Some tissue sections were also analyzed by confocal microscopy. Three micrometer thick paraffin-embedded sections of human colon tissue from controls (CTR) and ulcerative colitis (UC) patients were stained after deparaffinization in xylene (5 min, two times), rehydratation by sequential washes in 100% ethanol (3 min), 95% ethanol (3 min), 80% ethanol (3 min), 70% ethanol, 50% ethanol, deionized water and antigen retrieval (5 min at 95°C in 10 mM sodium citrate, pH 6.0). Slides were saturated with blocking buffer (PBS, 0.05% tween 20, 4% BSA) for 1 h at room temperature. Specimens were stained with a polyclonal rabbit anti-human CD4 at 5 μg/ml, followed by donkey anti-rabbit-AlexaFluor-568, and a monoclonal mouse anti-human LAP followed by an goat anti-mouse AlexaFluor-647. After washing, slides were mounted in Prolong Gold anti-fade medium containing a DNA dye (DAPI). Confocal laser scanning microscopy (CLSM) observations were performed with a Leica TCS SP2 AOBS apparatus, using a 63x/1.40 NA oil objective. Acquisition of images was performed by a Leica confocal software 2.6 (Leica, Germany).
Clinicopathological variables for all patients are shown in Table 1.
Isolation of Lamina Propria Mononuclear Cells (LPMCs)
LPMCs were isolated from freshly obtained biopsies using a previously described DDT-EDTA collagenase method (13, 14). Briefly, biopsies were washed in HBBS free of calcium and magnesium (HBSS-CMF; Hyclone, Europe LTD, Cramlington, United Kingdom), and then incubated for 5 min at room temperature in HBSS-CMF containing 1 mmol/l DTT (Sigma Chemical Co., St. Louis, MO, United States) and antibiotics (penicillin, 100 U/ml; streptomycin, 100 mg/ml; gentamicin, 50 mg/ml; and fungizone, 25 mg/ml). After washing 3 times in HBSS-CMF, the biopsies were cut into smaller pieces and incubated in HBSS-CMF containing 0.75 mmol/l EDTA, 10 mmol/l HEPES buffer, and antibiotics for 15 min at 37°C in a humid 5% CO2 atmosphere to remove epithelial cells. After 2 washes, the tissue was incubated for a total of 2 h (2 × 1-h incubations) at 37°C in a humid 5% CO2 atmosphere in complete medium (RPMI 1640 plus 10 mM HEPES buffer, 2 mM l-glutamine, 10% heat-inactivated FCS (Hyclone), and antibiotics) containing 25 U/ml collagenase V (Sigma-Aldrich, Milan, Italy) and 100 μg/ml of DNase (Roche Diagnostics, Mannheim, Germany). After incubation, the supernatant containing LMPCs was collected and washed twice in HBSS-CMF + antibiotics.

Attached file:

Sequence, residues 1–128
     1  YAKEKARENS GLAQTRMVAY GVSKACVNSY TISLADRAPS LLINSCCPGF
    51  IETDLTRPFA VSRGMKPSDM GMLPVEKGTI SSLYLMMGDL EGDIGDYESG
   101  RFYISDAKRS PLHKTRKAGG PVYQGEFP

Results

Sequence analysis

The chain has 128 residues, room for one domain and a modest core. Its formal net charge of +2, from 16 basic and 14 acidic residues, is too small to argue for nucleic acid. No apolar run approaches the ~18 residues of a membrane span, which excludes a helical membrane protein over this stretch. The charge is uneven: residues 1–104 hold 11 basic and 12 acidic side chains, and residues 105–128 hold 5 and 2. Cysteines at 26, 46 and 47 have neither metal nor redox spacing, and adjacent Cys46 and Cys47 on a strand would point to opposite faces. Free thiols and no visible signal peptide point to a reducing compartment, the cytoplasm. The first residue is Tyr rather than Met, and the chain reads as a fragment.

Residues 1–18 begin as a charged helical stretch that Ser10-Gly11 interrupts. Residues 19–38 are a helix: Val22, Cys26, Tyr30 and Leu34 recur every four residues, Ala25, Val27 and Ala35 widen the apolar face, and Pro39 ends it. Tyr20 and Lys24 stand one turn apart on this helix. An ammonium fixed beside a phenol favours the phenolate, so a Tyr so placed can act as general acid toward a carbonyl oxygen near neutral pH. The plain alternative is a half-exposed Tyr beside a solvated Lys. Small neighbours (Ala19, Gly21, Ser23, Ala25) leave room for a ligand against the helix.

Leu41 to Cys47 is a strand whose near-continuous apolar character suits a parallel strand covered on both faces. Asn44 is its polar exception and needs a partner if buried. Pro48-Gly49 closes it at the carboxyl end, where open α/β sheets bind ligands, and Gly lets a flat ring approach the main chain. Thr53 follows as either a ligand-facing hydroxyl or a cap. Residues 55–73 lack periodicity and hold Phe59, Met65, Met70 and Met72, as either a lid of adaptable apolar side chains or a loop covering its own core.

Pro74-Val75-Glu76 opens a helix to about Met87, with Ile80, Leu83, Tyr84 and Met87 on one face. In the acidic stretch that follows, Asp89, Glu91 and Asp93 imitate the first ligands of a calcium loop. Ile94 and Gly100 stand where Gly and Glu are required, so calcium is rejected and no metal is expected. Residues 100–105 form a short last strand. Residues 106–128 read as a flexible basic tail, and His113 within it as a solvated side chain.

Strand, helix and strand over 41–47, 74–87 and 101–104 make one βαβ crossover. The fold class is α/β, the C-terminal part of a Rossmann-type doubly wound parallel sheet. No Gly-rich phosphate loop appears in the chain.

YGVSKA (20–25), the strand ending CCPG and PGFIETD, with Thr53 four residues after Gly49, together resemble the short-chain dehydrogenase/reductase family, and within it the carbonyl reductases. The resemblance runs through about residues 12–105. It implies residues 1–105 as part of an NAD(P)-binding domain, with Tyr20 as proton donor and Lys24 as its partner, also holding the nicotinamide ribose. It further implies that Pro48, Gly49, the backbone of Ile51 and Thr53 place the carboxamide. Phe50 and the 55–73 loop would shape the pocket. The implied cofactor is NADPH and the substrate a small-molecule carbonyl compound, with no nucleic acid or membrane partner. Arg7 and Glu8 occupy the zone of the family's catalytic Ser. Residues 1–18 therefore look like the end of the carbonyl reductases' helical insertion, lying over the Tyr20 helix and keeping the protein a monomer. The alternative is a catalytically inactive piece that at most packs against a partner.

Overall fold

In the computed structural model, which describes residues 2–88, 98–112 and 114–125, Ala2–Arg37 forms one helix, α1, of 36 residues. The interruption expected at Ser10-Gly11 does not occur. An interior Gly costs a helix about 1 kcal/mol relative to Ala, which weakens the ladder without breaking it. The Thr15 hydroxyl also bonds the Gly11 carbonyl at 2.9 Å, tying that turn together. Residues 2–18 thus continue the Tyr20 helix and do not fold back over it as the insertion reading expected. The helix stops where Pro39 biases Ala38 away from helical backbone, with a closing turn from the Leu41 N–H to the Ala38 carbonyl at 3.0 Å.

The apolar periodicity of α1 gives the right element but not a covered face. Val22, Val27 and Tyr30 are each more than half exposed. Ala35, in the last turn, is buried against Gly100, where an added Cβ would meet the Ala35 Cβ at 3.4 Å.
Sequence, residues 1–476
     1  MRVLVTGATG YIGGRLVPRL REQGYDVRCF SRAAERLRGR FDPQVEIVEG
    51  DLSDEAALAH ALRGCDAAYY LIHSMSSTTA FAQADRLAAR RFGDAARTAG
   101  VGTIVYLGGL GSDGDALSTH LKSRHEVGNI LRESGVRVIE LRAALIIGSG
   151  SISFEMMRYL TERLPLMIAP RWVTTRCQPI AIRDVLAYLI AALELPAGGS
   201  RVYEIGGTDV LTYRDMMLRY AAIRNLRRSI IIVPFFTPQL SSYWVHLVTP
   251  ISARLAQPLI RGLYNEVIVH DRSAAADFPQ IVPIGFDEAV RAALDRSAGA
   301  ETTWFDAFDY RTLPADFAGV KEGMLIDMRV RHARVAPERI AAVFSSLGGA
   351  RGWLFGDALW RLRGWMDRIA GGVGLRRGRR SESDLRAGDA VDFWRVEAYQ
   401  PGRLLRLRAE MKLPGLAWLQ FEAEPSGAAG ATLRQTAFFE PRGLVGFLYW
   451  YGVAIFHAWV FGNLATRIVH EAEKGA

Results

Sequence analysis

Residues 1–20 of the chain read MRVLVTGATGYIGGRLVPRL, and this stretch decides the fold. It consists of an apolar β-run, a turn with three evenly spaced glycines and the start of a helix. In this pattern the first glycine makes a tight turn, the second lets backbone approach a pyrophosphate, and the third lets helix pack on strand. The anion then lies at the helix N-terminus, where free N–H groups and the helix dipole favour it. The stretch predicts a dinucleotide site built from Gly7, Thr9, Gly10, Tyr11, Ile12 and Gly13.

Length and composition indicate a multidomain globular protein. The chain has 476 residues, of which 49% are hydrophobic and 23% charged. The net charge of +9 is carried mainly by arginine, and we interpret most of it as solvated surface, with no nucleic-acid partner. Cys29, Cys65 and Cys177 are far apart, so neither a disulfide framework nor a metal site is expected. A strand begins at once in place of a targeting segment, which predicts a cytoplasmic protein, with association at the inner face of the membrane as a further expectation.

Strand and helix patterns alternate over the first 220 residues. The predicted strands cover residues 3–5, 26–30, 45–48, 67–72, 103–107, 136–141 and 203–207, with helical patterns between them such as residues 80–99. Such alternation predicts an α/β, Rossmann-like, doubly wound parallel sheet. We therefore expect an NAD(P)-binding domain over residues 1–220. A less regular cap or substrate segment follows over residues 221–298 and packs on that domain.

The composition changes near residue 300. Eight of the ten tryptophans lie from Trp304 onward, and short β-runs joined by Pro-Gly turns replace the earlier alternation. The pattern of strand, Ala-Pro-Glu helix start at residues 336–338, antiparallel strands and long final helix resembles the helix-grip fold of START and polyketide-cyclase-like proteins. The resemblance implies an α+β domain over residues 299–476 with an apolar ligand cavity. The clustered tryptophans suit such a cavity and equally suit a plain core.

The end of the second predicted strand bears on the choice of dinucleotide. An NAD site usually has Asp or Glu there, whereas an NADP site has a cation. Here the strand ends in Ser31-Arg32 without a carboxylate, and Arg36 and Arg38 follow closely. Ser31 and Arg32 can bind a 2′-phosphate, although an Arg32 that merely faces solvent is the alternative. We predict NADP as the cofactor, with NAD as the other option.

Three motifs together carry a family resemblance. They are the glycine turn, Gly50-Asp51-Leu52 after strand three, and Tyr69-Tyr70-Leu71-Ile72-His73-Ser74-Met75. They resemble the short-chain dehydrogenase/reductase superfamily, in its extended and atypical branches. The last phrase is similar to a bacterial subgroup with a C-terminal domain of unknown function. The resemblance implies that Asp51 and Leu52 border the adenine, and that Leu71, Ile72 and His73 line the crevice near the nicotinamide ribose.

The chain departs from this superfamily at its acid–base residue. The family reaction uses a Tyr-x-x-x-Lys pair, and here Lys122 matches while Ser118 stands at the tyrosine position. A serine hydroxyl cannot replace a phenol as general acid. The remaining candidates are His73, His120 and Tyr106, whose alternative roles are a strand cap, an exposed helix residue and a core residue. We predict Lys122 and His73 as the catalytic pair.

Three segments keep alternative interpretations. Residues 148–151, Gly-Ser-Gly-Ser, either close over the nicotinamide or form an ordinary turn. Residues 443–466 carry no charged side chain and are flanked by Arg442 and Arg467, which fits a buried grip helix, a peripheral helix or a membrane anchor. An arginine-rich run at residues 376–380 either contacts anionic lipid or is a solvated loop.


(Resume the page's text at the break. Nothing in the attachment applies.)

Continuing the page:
Antibodies and Reagents
APC-Cy7-labeled anti-CD3, PE-Cy7-labeled anti-IL-10, and isotype-matched control Igs were obtained from Biolegend (San Diego, CA, United States). PE-labeled anti IL-17A, and isotype-matched Ig control were obtained from eBioscience [San Diego, CA, United States]. FITC-labeled anti-CD4, PE-CF594-labeled anti-CD8 and isotype-matched control Ig were obtained from Becton Dickinson Horizon (San Jose, CA, United States). PerCP-labeled anti-LAP [TGF-β1] and isotype-matched control Ig were obtained from R&D Systems (Minneapolis, MN, United States). APC-labeled anti-Foxp3, the Foxp3 staining buffer set, and isotype-matched control Ig were obtained from eBioscience (San Diego, CA, United States). LIVE/DEAD® Fixable Aqua Dead Cell Stain Kit was obtained from Life Technologies (Carlsbad, CA, United States). Phorbol-12-myristateacetate (PMA) and ionomycin were obtained from Sigma-Aldrich. FITC-labeled anti-CD4, isotype-matched control Igs, and Monensin solution (Golgi Stop) were obtained from BD Pharmingen (San Jose, CA, United States). For confocal microscopy imaging, polyclonal rabbit anti-CD4 (Novus, Colorado, United States), Donkey anti-rabbit-AlexaFluor-568 (Abcam, Cambridge, United Kingdom), monoclonal mouse anti-human LAP (R&D Systems) and goat anti-mouse AlexaFluor-647 (Abcam) were used.